Brewery Profile: Smylie Brothers Brewing Co.

Brewery Profile: Smylie Brothers Brewing Co.

An aerial view of the Smylie Bros. taproom

The story of Smylie Brothers Brewing Co. is one that I feel many of us can relate to. While we tend to slog through our days, truly living only once a month at our MEATings, Mike Smylie successfully transitioned from a career as a commodities broker to one in the the culinary arts, brewing beer and smoking meat at his taproom. In other words, he’s doing what we wish we had the courage to do. Though raised on the North Shore, Texan blood flows through Mr. Smylie’s veins (our first exchange was about the best techniques for smoking meat), and his goal is to bring authentic Texas barbecue to Evanston.

CEO and Founder Mike Smylie, enjoying a Farmhouse

But what about the beer? I had the opportunity to speak with Mike, and it’s clear that each of the beers currently on tap tries to take advantage of under-utilized hop varieties and ingredients to create a true-to-style yet innovative beer that is greater than the sum of its parts. In a somewhat-rare practice, he opts to demonstrate this by calling his beers by their style’s name, an honest approach to ensure that individuals are captivated by the quality of the brew rather than by a flashy name. Smylie Bros. classic styles-based approach is aimed at letting the flavors and aromas do the talking.

Soulless enjoying a Dunkelweiss

Mike also emphasizes flexibility and constructive feedback, and constant improvement on his recipes. As a small producer with roughly a 3-week turnover per batch, the beer is always fresh and will demonstrate the recipe’s evolution as he tweaks them to pursue continuous improvement.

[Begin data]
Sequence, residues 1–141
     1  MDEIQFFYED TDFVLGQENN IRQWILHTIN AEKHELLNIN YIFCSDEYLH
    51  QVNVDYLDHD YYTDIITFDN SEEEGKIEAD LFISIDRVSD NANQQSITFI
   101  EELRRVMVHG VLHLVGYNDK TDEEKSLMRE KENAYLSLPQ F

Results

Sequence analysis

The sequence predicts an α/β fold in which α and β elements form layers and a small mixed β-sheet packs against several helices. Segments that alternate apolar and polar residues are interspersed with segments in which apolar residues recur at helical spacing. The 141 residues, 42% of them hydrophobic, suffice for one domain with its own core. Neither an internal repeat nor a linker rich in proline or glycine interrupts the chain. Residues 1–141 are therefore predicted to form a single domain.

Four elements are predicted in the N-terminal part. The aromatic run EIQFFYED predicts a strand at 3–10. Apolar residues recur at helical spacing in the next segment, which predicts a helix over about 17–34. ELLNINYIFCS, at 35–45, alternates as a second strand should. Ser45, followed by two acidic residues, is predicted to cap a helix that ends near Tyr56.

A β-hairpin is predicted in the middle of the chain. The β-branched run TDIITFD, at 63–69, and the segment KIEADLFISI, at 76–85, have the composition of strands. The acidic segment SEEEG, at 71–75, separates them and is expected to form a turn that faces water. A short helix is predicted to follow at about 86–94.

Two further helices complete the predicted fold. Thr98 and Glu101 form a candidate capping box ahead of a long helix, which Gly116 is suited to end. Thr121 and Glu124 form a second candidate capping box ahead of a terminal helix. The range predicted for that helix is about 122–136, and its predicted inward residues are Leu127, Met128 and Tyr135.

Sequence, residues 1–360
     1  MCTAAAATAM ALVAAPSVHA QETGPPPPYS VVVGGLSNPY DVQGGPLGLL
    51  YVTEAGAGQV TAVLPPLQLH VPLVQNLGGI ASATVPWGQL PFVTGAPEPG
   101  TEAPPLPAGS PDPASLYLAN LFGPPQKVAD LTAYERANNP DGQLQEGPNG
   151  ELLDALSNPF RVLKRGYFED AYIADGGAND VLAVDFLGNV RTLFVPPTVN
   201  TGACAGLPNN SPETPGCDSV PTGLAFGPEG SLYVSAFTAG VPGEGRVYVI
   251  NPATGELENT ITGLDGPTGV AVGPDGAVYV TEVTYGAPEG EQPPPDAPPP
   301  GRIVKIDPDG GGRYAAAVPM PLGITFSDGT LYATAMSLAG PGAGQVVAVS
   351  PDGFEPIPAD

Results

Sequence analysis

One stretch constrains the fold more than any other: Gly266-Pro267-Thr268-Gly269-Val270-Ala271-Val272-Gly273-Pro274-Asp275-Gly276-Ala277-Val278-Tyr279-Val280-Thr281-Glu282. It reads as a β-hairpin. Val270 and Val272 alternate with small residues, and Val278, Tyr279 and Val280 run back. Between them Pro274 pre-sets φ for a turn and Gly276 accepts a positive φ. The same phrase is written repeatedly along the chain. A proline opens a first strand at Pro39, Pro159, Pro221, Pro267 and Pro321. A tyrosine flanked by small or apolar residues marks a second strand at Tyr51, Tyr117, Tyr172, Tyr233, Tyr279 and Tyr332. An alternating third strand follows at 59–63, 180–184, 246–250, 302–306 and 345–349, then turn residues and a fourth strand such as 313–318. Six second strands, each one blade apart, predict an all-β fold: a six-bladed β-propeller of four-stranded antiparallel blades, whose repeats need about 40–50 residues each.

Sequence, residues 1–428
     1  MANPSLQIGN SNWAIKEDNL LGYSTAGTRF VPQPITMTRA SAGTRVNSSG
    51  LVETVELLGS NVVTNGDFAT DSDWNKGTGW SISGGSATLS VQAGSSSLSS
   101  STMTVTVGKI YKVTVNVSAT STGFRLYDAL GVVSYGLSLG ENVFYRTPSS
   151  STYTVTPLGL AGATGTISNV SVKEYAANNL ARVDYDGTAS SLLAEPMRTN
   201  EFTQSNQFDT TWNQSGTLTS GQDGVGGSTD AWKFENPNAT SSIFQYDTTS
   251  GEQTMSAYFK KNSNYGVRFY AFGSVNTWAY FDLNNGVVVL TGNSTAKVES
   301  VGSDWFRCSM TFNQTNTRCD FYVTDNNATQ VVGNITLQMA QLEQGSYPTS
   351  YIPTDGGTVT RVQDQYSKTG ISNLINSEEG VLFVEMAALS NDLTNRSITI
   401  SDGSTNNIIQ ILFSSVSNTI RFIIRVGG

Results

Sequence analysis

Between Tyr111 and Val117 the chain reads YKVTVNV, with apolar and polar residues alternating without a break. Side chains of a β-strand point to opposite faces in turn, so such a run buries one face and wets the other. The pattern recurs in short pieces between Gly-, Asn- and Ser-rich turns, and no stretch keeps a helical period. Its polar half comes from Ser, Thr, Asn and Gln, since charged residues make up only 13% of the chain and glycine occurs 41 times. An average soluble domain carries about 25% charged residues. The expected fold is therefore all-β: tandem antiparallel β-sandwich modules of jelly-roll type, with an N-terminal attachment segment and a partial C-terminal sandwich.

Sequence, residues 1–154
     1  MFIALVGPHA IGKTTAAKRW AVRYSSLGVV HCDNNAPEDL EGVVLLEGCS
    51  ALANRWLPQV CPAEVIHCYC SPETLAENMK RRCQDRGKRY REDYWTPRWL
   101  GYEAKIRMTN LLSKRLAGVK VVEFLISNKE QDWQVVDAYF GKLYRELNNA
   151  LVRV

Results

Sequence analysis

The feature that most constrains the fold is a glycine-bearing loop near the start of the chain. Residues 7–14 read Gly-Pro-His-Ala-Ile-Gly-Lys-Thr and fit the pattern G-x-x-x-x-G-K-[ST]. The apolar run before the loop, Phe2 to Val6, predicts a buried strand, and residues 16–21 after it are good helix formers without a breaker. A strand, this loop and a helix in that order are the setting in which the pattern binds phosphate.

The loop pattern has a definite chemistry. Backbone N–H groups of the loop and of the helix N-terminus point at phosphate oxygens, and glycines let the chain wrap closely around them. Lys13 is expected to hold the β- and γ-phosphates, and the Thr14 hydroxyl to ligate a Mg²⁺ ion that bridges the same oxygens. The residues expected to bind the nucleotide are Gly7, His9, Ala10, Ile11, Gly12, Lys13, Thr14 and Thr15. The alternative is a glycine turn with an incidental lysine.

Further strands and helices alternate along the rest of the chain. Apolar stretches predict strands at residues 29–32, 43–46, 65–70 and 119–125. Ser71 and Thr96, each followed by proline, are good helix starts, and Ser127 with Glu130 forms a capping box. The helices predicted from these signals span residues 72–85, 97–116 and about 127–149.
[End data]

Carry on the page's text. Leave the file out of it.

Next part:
I personally agree with his philosophy, but let’s take an look at what was on tap on July 22:

From left to right, Dunkelweiss, Porter, IPA, Farmhouse, Pale Ale

Pale Ale

This beer leads with a clean, lemon-pepper aroma, with notes of pineapple becoming more discernible as it warms. The flavor is bitter, lemony, and peppery once more, fading to a yeasty, bitter finish. Overall a pleasant, easy-drinking beer to start with.


Mildly funky, barnyard aroma, with faint orange as well. The flavor is crisp and clean, with lots of sweet, wheaty notes and even more orange. It finishes cleanly. While not a dry as my favorite farmhouse ales, the sweet barnyard flavors pair incredibly well with smoked meats (not a coincidence).


Robust malts dominate this aroma. The flavor is dank and botanical, very bitter. Maltiness is present throughout the body, but the beer finishes surprisingly clean. Certainly not a flashy IPA, this one still gets the job done by remaining true-to-style and all-around solid (Mike Smylie’s favorite style is the IPA, so look forward to many great batches in the future).


Baker’s chocolate, coffee, and a distinct caramel maltiness are readily detectable on the nose. Despite a noticeable hoppy bite across the palate right away, chocolate and coffee flavors dominate the majority of the flavor, fading to a pleasant, lingering roastiness.


A deep roasted aroma, accompanied by orange and wheat. Chocolate-infused oranges are present throughout the flavor. Hints of wheat hit the tongue before a clean finish. The winner tonight, this beer is absolutely phenomenal! If you had no other reason, this beer would still be worth the trip to Evanston!

Though we come from many backgrounds, many creeds, and many walks of life, there is one things all of us at ManBQue have in common – a passion for meat and beer. Between the great beer, smoked meats, and phenomenal hospitality, a trip to Smylie Bros. should definitely be on your horizon.

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  1. 1

    We checked it out the other night and while we’re not huge beer drinkers, the food was excellent.

    Did they not have the Purple Line beer available for you to taste? The table next to us seemed to really enjoy that one…

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